Some women explain modesty as "marylike modesty" in which a woman wears skirts or dresses that go to the knee or past the knee, shirts with sleeves that cover the elbows if possible(they are harder to find in today's society so the standard will allow for short sleeved shirts, but not sleeveless shirts, tank tops or spagetti strap shirts), no cleavage (this is determined by the woman placing her hand over her chest with her thumb resting on her collar bone, and where the pinky finger sits is as low as a shirt may be for the woman.) and stockings or leggings under the dress if necessary to protect the modesty of the outfit(in cases where the wind may blow the dress or skirt upwards and reveal what is underneath.) Some women will also wear modest swimsuits which are similar to a dress with leggings under it made from swimsuit materials.
Posted in Modesty
There has been a long standing arguement on whether this passage meant that hair was a covering for women, and whether it was a cultural thing. Often the arguement rests on what translation of head a person accepts. Though one strong arguement for the passage commanding women to cover is that if hair is a covering for women then men must shave their heads or else they would be covered for prayer, which the passage says is unjust/unholy just as it says women ought to cover.
Posted in 1 Corinthians 11
The practice of headcovering is growing as many are starting to cover for Mass, or worship again. There are groups on some popular networking sites for those who headcover, and some women will sell coverings that range from Amish and Mennonite prayer Kapps, to Catholic mantillas, and even snoods.
Posted in Christian headcovering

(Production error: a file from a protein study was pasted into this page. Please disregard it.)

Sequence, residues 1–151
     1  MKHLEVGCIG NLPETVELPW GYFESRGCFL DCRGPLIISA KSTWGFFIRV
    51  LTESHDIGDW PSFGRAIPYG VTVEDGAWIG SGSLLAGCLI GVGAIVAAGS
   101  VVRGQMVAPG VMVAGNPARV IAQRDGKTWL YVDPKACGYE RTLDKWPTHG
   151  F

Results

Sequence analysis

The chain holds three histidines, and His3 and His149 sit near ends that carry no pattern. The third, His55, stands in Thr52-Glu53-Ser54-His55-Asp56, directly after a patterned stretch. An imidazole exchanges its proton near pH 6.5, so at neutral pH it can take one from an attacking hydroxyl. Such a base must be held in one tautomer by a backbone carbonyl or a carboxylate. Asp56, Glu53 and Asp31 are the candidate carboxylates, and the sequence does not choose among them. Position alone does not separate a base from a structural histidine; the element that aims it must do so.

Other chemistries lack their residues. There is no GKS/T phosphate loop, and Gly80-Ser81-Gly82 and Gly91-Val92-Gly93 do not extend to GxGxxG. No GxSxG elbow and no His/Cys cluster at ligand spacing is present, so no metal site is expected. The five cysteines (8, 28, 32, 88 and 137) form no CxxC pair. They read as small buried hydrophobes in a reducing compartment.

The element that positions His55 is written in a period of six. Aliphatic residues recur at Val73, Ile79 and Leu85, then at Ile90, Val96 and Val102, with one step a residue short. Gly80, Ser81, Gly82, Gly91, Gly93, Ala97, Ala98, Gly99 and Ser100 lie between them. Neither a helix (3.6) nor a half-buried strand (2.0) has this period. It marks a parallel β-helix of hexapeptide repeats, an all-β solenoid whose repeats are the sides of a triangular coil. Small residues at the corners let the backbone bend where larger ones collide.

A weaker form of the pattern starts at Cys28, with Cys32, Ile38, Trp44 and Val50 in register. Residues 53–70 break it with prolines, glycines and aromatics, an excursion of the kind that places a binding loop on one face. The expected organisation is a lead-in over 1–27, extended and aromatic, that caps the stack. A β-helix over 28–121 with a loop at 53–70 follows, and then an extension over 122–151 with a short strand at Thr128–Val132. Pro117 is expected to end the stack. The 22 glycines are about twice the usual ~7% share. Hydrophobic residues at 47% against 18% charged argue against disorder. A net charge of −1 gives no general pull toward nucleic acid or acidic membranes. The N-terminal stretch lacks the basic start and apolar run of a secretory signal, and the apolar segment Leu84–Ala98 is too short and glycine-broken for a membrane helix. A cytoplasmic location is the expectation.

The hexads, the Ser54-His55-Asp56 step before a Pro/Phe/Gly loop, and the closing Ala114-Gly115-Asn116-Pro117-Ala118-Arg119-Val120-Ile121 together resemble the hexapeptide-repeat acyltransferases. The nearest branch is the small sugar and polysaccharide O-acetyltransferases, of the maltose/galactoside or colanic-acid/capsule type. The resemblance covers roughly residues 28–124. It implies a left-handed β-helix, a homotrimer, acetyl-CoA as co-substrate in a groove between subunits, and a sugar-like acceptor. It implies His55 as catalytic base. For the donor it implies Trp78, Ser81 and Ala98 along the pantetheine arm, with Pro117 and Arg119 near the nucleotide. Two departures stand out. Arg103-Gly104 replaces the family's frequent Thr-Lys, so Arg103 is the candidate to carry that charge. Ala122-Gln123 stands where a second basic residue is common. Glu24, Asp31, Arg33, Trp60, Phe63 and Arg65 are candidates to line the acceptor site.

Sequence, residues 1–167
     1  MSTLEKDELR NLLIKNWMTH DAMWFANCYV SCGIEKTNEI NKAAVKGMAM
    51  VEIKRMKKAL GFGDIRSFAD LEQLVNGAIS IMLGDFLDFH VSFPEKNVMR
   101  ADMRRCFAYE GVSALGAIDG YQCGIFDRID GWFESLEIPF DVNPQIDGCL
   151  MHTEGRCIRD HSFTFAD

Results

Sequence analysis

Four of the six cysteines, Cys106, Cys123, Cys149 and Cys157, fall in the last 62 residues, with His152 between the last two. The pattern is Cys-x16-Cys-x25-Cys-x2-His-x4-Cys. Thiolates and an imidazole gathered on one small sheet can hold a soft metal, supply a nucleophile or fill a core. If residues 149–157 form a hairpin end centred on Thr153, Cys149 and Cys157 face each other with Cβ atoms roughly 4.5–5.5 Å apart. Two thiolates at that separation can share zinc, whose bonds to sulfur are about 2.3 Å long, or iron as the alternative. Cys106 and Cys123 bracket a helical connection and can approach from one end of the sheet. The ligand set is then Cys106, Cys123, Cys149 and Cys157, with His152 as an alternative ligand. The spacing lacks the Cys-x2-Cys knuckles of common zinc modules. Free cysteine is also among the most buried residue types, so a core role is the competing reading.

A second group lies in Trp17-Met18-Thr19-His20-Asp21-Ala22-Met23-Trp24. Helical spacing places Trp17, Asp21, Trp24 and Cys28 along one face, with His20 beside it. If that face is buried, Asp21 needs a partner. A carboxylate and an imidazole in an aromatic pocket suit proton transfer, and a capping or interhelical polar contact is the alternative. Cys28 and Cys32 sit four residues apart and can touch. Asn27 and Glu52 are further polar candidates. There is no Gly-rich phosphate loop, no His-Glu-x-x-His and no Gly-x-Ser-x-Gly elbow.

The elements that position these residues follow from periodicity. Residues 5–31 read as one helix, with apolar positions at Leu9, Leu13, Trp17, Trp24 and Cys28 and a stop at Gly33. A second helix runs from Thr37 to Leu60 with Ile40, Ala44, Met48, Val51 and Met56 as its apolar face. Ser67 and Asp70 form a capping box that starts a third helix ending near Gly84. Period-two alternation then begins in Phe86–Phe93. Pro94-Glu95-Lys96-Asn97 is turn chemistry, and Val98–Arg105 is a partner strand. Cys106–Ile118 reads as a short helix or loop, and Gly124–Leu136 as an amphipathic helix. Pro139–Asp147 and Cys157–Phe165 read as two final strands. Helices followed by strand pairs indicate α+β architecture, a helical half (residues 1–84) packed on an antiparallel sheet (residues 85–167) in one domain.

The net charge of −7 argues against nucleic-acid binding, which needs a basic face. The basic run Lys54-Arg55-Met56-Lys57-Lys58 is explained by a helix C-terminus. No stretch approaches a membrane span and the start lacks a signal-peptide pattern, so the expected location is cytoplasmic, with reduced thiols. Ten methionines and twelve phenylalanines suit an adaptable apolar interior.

"Diabetes mellitus is characterized by recurrent or persistent hyperglycemia, and is diagnosed by demonstrating any one of the following: Fasting plasma glucose level at or above 7.0 mmol/L (126 mg/dL). Plasma glucose at or above 11.1 mmol/L (200 mg/dL) two hours after a 75 g oral glucose load as in a glucose tolerance test. Symptoms of hyperglycemia and casual plasma glucose at or above 11.1 mmol/L (200 mg/dL). Glycated hemoglobin (hemoglobin A1C) at or above 6.5. (This criterion was recommended by the American Diabetes Association in 2010, although it has yet to be adopted by the WHO.)" The BG used for diagnosing type 1 diabetes is NOT 126 mg/dl when fasting, that is a normal BG! The actual number is closer to 150 if not higher, as a normal non-diabetic would have a blood sugar as high as 150, but not higher. Most are not diagnosed until they are brought into the hospital, or if they have a family member with it they may test for the antibodies. "Given the above research findings, drivers with type 1 diabetes and a history of driving mishaps are recommended to never drive when their BG is less than 80 mg/dl. Instead, these drivers are advised to treat hypoglycemia and delay driving until their BG is above 90 mg/dl. Such drivers should also learn as much as possible about what causes their hypoglycemia, and use this information to avoid future hypoglycemia while driving." The above quote is incorrect. BG lower than 100 is what is often told as the "not to drive range" and there is also a "high" do not drive range, often 150 mg/dl or more. BOTH VARY DEPENDING ON THE DIABETIC AND WHAT THEIR ENDOCRYNOLOGYST DETERMINE AS A SAFE RANGE FOR THAT DIABETIC!
Posted in Diabetes mellitus type 1